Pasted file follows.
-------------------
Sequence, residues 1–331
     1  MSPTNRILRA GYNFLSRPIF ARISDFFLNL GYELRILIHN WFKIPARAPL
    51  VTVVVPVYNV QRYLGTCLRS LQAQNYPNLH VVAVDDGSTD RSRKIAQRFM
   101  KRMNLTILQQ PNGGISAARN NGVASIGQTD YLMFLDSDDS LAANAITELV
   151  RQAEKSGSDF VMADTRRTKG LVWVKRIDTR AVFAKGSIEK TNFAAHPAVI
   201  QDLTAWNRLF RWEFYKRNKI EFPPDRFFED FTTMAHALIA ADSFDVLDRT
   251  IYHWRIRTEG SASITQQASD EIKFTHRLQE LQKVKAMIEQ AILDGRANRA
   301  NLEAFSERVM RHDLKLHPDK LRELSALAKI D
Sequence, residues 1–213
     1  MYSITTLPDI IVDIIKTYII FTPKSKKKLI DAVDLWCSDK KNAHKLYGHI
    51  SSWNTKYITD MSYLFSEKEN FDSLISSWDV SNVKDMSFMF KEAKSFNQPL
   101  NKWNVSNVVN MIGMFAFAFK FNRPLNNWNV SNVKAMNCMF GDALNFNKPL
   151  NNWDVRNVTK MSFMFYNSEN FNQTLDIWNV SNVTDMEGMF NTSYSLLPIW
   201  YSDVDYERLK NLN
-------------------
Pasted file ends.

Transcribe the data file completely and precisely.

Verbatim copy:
Sequence, residues 1–331
     1  MSPTNRILRA GYNFLSRPIF ARISDFFLNL GYELRILIHN WFKIPARAPL
    51  VTVVVPVYNV QRYLGTCLRS LQAQNYPNLH VVAVDDGSTD RSRKIAQRFM
   101  KRMNLTILQQ PNGGISAARN NGVASIGQTD YLMFLDSDDS LAANAITELV
   151  RQAEKSGSDF VMADTRRTKG LVWVKRIDTR AVFAKGSIEK TNFAAHPAVI
   201  QDLTAWNRLF RWEFYKRNKI EFPPDRFFED FTTMAHALIA ADSFDVLDRT
   251  IYHWRIRTEG SASITQQASD EIKFTHRLQE LQKVKAMIEQ AILDGRANRA
   301  NLEAFSERVM RHDLKLHPDK LRELSALAKI D
Sequence, residues 1–213
     1  MYSITTLPDI IVDIIKTYII FTPKSKKKLI DAVDLWCSDK KNAHKLYGHI
    51  SSWNTKYITD MSYLFSEKEN FDSLISSWDV SNVKDMSFMF KEAKSFNQPL
   101  NKWNVSNVVN MIGMFAFAFK FNRPLNNWNV SNVKAMNCMF GDALNFNKPL
   151  NNWDVRNVTK MSFMFYNSEN FNQTLDIWNV SNVTDMEGMF NTSYSLLPIW
   201  YSDVDYERLK NLN